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Lessons learnt on West Coast track


ON THE face of it the West Coast Main Line upgrade is an unmitigated disaster. Costs spiralled out of control, engineers failed to deliver what was promised and train services suffered widespread disruption.

Unpalatable perhaps, but the public's verdict on Europe's biggest railway upgrade has a familiar ring.The only consolation is that the memories will fade as once-weary passengers delight in a new era of fast, tilting-train travel.

But was this effort to bring the north closer to the south such a big engineering disaster?

True, the £2.2 billion budget ballooned as Railtrack's consultants arrived and departed with greater regularity than the erratic train service.

It is difficult to excuse the clear failure to properly assess the condition of the track in the first place.And with hindsight it was naive to trust so heavily in new signalling technology. It is not good reading. But there is another chapter to this story covering the past two years of the project.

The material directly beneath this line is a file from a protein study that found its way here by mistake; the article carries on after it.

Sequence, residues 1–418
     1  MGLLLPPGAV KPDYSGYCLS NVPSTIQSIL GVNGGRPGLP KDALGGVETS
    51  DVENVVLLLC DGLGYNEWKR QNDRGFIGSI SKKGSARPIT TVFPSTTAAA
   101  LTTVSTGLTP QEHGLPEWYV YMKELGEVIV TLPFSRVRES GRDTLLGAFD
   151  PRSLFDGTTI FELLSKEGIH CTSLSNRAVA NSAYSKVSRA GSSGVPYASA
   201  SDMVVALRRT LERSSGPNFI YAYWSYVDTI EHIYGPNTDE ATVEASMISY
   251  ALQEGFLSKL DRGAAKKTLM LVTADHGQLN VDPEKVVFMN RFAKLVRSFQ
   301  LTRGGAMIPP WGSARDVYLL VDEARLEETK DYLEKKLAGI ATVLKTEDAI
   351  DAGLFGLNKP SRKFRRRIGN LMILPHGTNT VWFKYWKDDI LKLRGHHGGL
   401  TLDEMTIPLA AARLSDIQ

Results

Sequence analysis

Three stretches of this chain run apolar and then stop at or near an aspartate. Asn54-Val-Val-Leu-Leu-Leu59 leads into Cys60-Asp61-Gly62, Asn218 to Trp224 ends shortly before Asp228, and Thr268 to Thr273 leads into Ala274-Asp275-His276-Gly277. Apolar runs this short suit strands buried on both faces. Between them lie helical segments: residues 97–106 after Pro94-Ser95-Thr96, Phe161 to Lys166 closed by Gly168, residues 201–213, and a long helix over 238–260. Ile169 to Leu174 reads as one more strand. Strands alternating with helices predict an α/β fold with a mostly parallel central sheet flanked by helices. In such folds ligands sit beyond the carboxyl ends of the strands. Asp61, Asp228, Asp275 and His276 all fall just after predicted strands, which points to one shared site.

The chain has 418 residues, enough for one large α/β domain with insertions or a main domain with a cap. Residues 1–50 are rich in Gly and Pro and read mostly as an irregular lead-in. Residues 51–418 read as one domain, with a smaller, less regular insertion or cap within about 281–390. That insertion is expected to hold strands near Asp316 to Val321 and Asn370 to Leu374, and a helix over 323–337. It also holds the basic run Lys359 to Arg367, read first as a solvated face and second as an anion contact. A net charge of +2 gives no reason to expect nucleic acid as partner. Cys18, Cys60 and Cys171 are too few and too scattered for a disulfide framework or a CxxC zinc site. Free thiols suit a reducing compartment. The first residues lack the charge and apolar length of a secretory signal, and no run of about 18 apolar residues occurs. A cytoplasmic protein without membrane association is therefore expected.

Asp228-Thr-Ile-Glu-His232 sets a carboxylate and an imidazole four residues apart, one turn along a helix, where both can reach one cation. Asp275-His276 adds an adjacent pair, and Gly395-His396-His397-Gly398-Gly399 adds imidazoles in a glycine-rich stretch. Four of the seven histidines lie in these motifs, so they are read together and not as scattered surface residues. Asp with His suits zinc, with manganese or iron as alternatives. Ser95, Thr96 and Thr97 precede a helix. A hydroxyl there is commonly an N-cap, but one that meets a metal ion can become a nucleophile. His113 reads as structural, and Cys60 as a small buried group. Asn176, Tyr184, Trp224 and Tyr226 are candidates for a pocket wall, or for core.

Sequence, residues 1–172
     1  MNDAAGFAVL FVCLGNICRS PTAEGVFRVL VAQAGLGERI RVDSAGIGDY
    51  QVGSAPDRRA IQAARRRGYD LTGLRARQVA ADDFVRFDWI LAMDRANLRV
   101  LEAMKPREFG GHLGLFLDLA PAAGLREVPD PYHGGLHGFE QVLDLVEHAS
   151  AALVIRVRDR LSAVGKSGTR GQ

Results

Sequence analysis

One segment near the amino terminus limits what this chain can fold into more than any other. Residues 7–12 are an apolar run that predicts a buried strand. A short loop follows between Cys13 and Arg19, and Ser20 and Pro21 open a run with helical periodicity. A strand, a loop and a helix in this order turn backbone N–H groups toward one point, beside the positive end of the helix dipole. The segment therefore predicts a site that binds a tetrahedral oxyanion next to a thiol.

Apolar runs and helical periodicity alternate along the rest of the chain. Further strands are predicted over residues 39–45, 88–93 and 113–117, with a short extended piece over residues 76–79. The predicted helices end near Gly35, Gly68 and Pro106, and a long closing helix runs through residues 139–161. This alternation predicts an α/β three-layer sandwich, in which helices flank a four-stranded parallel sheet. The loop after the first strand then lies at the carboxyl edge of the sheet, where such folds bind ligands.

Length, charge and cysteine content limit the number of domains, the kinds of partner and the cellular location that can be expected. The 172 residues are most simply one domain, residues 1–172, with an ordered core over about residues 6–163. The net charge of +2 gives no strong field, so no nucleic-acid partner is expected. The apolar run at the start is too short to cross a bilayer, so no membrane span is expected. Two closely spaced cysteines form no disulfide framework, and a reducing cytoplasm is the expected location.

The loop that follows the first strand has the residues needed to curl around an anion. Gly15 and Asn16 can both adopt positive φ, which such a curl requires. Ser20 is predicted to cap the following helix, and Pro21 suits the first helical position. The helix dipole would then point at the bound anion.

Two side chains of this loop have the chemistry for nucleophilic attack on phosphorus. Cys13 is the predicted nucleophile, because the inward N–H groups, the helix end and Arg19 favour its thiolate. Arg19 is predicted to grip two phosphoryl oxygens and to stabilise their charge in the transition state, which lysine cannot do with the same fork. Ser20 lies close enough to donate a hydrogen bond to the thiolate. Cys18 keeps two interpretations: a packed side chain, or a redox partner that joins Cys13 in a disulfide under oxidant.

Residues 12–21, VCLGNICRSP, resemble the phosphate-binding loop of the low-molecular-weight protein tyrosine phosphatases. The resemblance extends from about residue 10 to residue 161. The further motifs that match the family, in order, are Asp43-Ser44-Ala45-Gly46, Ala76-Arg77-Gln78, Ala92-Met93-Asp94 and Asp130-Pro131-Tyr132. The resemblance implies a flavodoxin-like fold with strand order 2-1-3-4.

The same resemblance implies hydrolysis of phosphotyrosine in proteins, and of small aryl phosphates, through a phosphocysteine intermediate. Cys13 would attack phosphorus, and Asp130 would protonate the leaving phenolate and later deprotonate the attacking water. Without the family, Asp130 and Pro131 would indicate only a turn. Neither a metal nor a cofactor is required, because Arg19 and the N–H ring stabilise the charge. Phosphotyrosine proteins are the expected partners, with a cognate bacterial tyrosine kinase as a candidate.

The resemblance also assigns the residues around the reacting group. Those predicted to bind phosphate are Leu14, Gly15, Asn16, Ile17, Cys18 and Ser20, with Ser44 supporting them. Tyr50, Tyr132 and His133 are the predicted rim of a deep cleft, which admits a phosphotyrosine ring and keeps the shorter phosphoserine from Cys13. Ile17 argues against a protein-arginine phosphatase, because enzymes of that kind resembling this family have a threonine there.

By 2002 the bill for the upgrade had soared to an estimated £13 billion and nobody could say when the first phase of the West Coast Main Line would finish. It seemed everybody except the embattled construction team had given the project up as a lost cause.

Spurred into action, consultants, contractors and client worked closely together, setting achievable targets and pulling back costs.More crucially, realistic track possession times gave contractors a chance to get jobs done.

Now the track is open, the cost of £7.5 billion still looks high. But this should not overshadow the efforts of the past two years.The construction team has actually pulled off one of the great project turnarounds.

The challenge now is to deliver as predictably on the final leg of the upgrade to Glasgow.Then confidence will be restored.